Appellant's reliance on Maxson and Tell is misplaced. Both cases are distinguishable from this case in that they both relate to monthly payments received from various sources as opposed to a one-time payment. In Tell, the court included monthly property settlement payments as a portion of a party's income in determining support obligations. Tell, 383 N.W.2d at 686. In Maxson, the income at issue was a monthly contract-for-deed payment. Maxson, 384 N.W.2d at 585. In this case, however, respondent does not receive a monthly income from logging his property. What he earned from logging was used to pay appellant the balance of her share of the settlement and to pay off other loans. Further, under appellant's argument that money from a property settlement should be used in determining income, appellant would then have to include as part of her income the $10,000 respondent paid her from the logging for her share of the dissolution settlement.
Appellant's argument that the income from hay stumpage should be included may be valid. Monthly income of $20 $25 from the stumpage, however, is de minimis and does not warrant a remand. See Wibbens v. Wibbens, 379 N.W.2d 225, 227 (Minn.App.1985) (refusing to remand for de minimis technical error); see also Minn.R.Civ.P. 61 (harmless error to be ignored).
The magistrate did not err in excluding the monies from the logging and hay stumpage as part of respondent's income for purposes of determining a change in circumstances warranting a modification of child support.
The record adequately supports the magistrate's determination regarding the amount of time the parties spend with their children, as well as the exclusion from respondent's income of a one-time receipt of funds and other amounts that would have an insignificant impact on respondent's child support obligation. Therefore, there was no abuse of discretion in the magistrate's application of the Hortis/Valento formula.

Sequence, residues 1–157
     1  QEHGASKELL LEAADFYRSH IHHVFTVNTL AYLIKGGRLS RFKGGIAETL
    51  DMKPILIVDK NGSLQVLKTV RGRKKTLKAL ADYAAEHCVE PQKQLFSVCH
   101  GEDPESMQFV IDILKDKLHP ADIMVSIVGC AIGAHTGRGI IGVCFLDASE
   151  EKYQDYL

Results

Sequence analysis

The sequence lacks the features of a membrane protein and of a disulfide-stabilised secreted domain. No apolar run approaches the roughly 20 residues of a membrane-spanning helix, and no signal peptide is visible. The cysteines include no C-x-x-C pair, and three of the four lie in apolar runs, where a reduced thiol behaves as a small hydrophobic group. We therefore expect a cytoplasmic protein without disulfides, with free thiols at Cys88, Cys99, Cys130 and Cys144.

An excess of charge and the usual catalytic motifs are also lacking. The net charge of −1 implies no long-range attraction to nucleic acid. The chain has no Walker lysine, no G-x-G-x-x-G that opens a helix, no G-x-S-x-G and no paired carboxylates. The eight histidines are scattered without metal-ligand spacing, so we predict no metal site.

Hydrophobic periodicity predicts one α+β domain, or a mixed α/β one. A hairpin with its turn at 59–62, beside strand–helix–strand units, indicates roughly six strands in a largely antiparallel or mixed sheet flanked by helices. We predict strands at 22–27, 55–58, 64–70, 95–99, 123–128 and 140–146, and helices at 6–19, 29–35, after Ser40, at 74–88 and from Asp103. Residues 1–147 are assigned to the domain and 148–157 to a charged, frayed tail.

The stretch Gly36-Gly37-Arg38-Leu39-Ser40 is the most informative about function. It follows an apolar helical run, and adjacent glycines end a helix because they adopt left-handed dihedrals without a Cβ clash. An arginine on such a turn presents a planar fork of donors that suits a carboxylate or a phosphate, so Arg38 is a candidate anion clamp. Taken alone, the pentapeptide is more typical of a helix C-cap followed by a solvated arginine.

1. The supreme court recently ruled that the application of the Hortis/Valento child-support formula in sole physical custody cases is a deviation from the child support guidelines and cannot occur without the findings required by Minn.Stat. § 518.551, subds. 5(c), 5(i) (1998). Rogers v. Rogers, 622 N.W.2d 813, 814 (Minn.2001). Additionally, in footnote 19, the court stated that the propriety of applying the Hortis/Valento formula to joint physical custody cases was not before the court and declined to address whether use of the Hortis/Valento formula was proper in that context. Id. at 821. Here, the parties and the magistrate assumed (without arguing) that use of the Hortis/Valento formula was proper in this joint physical custody case. We decline to comment on the propriety of that assumption. See Thiele v. Stich, 425 N.W.2d 580, 582 (Minn.1988) (appellate courts generally address only issues presented to and decided by the district court).
DANIEL F. FOLEY, Judge * FN* Retired judge of the Minnesota Court of Appeals, serving by appointment pursuant to Minn. Const. art. VI, § 10.